Although I’m still getting acquainted to the somewhat new style found on Brand New Old Me, the track “Good Riddance” is probably the closest thing to the music found on First of All… It’s on jams such as this that Shawn Jackson is in his zone, showcasing his skills as a top flight emcee. Beat wise, while I don’t know who did the production, it’s a top notch beat. Light horn hooks dot the music as a head nod inducing drum track really lets Shawn Jack do what he is best at.
I’m not ashamed to say that WYDU was one of the first sites to push the NC (now NYC) group Kooley High. Their EP, Summer Sessions from 2007, got a lot of play from me and the site. The six person crew is back, and their first single from their upcoming EST album promises to be a banger. The lead single, “Ya Times Up,” has a ridiculous beat by Foolery that could be one of the best beats of the year. The emcees come with attitude that matches the slammin’ beat. All I got to say, if the rest of the album is like this track, whooooaaaa, watch the figgidy f*ck out….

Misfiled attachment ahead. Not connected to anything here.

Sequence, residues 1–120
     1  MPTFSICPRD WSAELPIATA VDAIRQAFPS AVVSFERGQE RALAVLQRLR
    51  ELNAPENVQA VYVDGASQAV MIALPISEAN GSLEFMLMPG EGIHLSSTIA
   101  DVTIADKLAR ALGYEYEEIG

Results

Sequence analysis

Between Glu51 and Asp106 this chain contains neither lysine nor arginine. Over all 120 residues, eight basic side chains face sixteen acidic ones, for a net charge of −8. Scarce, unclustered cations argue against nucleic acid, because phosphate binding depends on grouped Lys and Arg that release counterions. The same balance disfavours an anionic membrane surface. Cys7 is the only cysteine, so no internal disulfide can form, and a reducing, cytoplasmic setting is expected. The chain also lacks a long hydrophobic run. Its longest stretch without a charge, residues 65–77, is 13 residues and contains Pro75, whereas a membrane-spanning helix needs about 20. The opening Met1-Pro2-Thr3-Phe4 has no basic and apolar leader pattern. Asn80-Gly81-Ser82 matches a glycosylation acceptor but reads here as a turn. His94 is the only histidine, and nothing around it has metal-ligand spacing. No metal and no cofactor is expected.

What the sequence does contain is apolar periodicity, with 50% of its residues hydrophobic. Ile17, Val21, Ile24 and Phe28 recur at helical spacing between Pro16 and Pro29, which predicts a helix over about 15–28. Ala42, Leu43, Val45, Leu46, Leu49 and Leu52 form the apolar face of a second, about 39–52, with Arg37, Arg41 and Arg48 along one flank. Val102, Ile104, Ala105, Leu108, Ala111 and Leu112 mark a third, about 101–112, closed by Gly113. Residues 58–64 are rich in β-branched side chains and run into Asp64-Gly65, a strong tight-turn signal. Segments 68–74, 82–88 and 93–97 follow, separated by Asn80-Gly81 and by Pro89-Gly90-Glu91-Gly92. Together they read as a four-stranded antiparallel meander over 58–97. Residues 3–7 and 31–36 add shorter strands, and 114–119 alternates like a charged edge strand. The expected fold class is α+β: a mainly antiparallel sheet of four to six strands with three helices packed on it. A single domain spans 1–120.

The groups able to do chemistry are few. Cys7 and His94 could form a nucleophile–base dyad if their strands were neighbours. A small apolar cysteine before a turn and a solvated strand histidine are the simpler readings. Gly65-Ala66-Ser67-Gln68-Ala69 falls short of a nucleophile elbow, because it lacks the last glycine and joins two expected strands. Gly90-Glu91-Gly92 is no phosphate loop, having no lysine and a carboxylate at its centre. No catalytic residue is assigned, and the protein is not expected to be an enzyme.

Yes, this song has been out since May, and yes, I’ve been playing it since May. Son of Bazerk returns like they never left as “I Swear On a Stack of Old Hits” is just as good as anything they released in 1991, and I was a BIG fan of their ’91 release. It was actually J-Zone that originally sent me the track, and him and I couldn’t tell if it was a new track or some kind of “from da vaults” type of thing. You can’t tell, but damn, this track has everything I loved from SOB. That raw type of rhymes, the No Self Control backing them up. The production comes in the form of Johnny Juice, who does it just as good as the Bomb Squad, with some raw, funky, bangin’ type of shit. All this has me excited for an upcoming album, which Johnny says is coming soon, very soon. It looks like they will be one of the rare old timers to come harder than they did back in their day.
Yes, I’m aware of the mythical album that Eric has been pumping up since late last year from the Detroit group, The Left. Hell, I’ve heard it. And yes, it’s all that and a big bag of chips, WITH the dip. This cut here, “Real Detroit” found on producer Apollo Brown’s The Reset album, is just a glimpse of what to expect. The beat makes me going into an involuntary head nod mode. I can’t help it, the bass line, the drums, the vocal chops, it’s all freakin’ amazing and hard as sandpaper on the surface of a new benz type of shit. We’ll just say this is what you can expect this winter when the album drops. No, really, it’s that fuckin’ good.